CGC Elm works with a full deck

Crewmembers aboard Coast Guard Cutter Elm, a 225-foot buoy tender homeported in Fort Macon, N.C., service an aid to navigation in the entrance of the Cape Fear River, April 19, 2011. Crewmembers on the Elm relocated twelve buoys at Oregon Inlet and Beaufort Inlet in the time span of a week to improve navigational safety and efficiency through the channels impacted by extensive shoaling. U.S. Coast Guard photo.

Crewmembers aboard Coast Guard Cutter Elm, a 225-foot buoy tender homeported in Fort Macon, N.C., service an aid to navigation in the entrance of the Cape Fear River, April 19, 2011. Crewmembers on the Elm relocated twelve buoys at Oregon Inlet and Beaufort Inlet in the time span of a week to improve navigational safety and efficiency through the channels impacted by extensive shoaling. U.S. Coast Guard photo.

Last week, crewmembers aboard Coast Guard Cutter Elm serviced an aid to navigation in the entrance of the Cape Fear River in North Carolina. The crew relocated 12 buoys at Oregon Inlet and Beaufort Inlet in the time span of a week to improve navigational safety and efficiency through the channels impacted by extensive shoaling. The 225-foot Elm, homeported in Fort Macon, is one of 16 seagoing buoy tenders.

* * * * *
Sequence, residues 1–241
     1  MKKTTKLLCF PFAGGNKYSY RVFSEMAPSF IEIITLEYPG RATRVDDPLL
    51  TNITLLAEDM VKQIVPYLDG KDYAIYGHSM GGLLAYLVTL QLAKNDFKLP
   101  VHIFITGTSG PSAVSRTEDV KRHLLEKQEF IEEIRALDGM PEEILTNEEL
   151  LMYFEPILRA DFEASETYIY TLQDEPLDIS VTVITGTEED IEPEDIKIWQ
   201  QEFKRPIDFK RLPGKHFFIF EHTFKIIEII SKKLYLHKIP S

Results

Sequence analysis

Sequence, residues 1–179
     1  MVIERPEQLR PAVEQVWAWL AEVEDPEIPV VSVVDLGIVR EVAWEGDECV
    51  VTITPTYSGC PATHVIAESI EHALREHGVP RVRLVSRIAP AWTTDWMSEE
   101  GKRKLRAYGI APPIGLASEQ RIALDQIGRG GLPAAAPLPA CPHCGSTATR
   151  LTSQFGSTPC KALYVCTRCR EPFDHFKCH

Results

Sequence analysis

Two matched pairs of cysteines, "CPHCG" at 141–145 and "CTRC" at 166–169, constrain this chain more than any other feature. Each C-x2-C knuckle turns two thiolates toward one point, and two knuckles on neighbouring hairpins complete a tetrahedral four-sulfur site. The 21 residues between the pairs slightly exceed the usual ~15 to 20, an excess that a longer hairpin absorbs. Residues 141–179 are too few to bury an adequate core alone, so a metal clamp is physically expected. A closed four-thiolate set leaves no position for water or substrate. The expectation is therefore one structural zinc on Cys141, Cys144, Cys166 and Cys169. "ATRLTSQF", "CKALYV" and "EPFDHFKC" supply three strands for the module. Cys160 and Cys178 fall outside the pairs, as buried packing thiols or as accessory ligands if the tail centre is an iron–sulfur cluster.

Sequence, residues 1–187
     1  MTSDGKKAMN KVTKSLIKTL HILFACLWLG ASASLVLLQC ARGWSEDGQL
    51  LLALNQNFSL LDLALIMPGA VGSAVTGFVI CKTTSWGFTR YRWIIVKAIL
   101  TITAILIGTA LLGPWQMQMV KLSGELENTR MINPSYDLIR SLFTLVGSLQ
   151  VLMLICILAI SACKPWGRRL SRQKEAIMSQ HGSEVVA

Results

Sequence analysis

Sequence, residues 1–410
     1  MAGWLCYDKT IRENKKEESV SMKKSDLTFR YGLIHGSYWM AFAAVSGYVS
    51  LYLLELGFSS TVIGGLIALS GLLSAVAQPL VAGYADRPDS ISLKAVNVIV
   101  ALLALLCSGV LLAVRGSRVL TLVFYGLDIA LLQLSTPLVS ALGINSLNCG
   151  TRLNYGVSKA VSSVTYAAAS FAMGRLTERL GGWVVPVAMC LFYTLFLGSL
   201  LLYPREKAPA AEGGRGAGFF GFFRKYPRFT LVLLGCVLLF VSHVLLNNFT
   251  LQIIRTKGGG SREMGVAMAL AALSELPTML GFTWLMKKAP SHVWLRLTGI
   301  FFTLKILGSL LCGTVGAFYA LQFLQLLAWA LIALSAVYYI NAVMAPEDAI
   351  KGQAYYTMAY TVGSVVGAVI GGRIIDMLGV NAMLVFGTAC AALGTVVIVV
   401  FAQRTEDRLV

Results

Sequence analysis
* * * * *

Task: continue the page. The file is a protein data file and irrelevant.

Seagoing buoy tenders are some of the newest cutters in the Coast Guard fleet intended to replace the World War II era 180-foot buoy tenders. They are equipped with a single controllable pitch propeller and bow and stern thrusters to give the cutter the maneuverability it needs to tend buoys offshore and in restricted waters. A dynamic positioning system can hold the vessel within a 10-meter circle using the global positioning system allowing the crew to service and position floating aids to navigation more efficiently.

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